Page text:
Monday, May 28, 2012

I did it!

I run for many reasons. I run because I have to. (The Air Force requires a biannual assessment of fitness, part of which is a 1.5-mile run.) I run because it is easy. (All I need is a good pair of shoes, some music 30 minutes of spare time, and my workout is done.) I run for stress relief. (I miss those endorphins if I skip more than a day or two.) I run to spend time with friends. (When time is limited and both a workout and a chat are needed, a run is a great way to accomplish both at once.) And I run because I am competitive and enjoy accomplishing a goal, beating my last time or achieving a new distance.

But even with all that, I never wanted to run in races. The thought of all those people, the adrenaline that comes with a race and doing “my” run on someone else’s schedule just never appealed to me.

In January, my running partner at work suggested we do a half marathon. I gave the excuses listed above and said, “No, thank you.” But, shortly afterward, when my sister and her son completed their first half marathon and loved it, my mind opened to the possibilities. Besides, my runs had started getting a little stale, the stressors at work had started piling up and I needed a new challenge. So I acquiesced, and my running partner and I signed up for the Colfax Half Marathon—three months away at the time—and started training.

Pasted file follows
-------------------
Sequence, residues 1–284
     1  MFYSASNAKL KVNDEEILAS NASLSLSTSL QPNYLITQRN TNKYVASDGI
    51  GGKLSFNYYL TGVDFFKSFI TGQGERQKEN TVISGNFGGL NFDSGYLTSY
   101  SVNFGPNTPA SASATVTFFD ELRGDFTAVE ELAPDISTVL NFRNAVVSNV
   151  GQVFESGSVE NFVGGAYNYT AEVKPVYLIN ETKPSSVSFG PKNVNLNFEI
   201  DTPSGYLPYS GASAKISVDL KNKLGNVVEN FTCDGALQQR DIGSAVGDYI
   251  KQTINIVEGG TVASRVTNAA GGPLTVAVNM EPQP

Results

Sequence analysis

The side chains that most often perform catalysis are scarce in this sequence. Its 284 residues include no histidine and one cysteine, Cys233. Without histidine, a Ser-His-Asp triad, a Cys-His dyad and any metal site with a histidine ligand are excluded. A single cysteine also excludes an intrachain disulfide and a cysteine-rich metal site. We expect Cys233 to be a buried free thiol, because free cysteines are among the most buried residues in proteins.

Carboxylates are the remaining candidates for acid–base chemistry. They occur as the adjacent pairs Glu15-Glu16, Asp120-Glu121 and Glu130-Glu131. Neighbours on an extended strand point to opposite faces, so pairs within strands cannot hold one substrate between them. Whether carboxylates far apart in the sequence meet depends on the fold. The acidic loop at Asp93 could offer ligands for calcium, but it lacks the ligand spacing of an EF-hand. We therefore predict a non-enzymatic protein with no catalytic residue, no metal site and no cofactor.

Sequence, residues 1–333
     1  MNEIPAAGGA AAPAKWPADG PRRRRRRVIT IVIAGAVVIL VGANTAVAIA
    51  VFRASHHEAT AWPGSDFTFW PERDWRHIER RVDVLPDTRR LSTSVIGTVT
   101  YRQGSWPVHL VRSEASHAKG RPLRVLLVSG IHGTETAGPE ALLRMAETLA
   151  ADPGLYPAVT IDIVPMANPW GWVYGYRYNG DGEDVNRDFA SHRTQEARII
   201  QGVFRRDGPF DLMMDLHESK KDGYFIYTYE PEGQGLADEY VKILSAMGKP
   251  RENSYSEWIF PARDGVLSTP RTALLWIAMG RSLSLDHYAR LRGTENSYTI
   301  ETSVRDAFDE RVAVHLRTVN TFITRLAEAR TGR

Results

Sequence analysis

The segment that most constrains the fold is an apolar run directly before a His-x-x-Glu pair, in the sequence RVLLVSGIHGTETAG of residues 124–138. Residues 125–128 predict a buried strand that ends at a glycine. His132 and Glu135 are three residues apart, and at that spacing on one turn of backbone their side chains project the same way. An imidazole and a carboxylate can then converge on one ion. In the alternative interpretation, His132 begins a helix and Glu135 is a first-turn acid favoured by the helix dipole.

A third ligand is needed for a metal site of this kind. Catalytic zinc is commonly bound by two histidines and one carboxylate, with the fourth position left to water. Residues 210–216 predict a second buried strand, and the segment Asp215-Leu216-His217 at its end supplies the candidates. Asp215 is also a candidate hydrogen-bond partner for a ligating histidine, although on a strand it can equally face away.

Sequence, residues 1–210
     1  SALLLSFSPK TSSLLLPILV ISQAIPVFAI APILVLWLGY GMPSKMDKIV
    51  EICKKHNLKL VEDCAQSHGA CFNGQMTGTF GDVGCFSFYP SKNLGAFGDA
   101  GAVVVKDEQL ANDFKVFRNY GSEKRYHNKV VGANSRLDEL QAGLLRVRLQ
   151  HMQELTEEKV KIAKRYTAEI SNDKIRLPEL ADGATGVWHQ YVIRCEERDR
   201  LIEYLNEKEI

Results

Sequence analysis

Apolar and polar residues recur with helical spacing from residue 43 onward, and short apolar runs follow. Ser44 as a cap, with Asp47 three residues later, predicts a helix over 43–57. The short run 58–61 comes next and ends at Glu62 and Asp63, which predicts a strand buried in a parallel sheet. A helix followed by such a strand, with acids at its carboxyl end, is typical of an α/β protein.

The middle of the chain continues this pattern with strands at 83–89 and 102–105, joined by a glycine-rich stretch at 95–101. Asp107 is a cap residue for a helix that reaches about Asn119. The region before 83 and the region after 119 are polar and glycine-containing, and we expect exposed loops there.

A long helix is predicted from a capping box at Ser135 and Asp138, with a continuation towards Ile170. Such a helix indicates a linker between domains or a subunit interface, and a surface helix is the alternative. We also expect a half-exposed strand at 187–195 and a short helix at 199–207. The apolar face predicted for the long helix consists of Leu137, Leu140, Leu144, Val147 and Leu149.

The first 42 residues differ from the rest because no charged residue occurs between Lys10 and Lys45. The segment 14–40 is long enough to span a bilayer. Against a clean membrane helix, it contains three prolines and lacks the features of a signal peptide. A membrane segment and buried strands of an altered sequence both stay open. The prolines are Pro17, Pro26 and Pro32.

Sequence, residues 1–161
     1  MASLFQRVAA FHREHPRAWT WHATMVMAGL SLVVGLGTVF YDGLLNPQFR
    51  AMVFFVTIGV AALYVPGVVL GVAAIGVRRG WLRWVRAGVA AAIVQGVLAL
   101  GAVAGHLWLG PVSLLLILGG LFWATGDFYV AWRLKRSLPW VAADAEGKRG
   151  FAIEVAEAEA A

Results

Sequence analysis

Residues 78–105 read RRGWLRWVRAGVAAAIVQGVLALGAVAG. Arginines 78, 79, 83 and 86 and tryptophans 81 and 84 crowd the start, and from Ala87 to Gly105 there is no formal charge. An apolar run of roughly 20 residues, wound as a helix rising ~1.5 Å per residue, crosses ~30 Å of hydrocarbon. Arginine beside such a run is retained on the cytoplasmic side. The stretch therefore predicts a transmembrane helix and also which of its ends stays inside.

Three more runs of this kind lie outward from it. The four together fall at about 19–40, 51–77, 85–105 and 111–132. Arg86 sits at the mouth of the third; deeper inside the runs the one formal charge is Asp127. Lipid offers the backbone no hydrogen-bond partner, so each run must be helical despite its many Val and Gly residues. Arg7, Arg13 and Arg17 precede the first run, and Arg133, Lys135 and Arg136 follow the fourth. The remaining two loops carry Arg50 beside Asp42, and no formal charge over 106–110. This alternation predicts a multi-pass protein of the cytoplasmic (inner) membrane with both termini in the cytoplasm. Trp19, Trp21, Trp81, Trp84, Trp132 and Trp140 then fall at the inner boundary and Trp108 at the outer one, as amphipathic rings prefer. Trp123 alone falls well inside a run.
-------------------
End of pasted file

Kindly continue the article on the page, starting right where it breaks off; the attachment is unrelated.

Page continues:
Friends who had done marathons and half marathons gave advice—one sent a training plan— and we fit runs into our afternoons as much as possible. Even with the plan, it was tough to fit too much distance into my week. Between, homework and ski season, there was little time for long runs. And, with my boy’s recent health concerns, I didn’t relish the idea of running on weekend mornings and leaving the kiddos home for very long. Another friend was kind enough to find a few afternoons free, and we managed an eight-mile loop around a local reservoir, my longest runs leading up to race day.

Race day actually started in what I normally consider the middle of the night–4 a.m! With a 6 a.m. start, I needed to be at a friend’s house by 5:15 to walk to the start. Yes, we walked two miles to the start of the 13.1 mile course, ran the race, and then walked the two miles back to our cars. Crazy! But, it all culminated in a great morning. Although the crowd was big, it was part of the experience and, with friends around. it wasn’t nearly as intimidating as I had feared. I finished in 2:07, running a sub 10-minute mile the entire way. The sense of accomplishment is still with me a week later.

I think our next half will be the Rock and Roll in late September, with a few shorter races—and maybe even one of those mud runs — before that, as well. It is true: Once you do one, you’re hooked!

For Reflections on Nursing Leadership (RNL), published by the Honor Society of Nursing, Sigma Theta Tau International.

1 comment:

  1. That is so inspirational!
    From somewhat of a lax lifestyle (one that many of us suffer, being in front of a computer screen too much) I decided I might try my hand at a 5k (just to get things started) and trained much as you did.
    Well, although my run was much shorter, reading your account has reinvigorated me to go after the illustrious 10k!

    Thank you!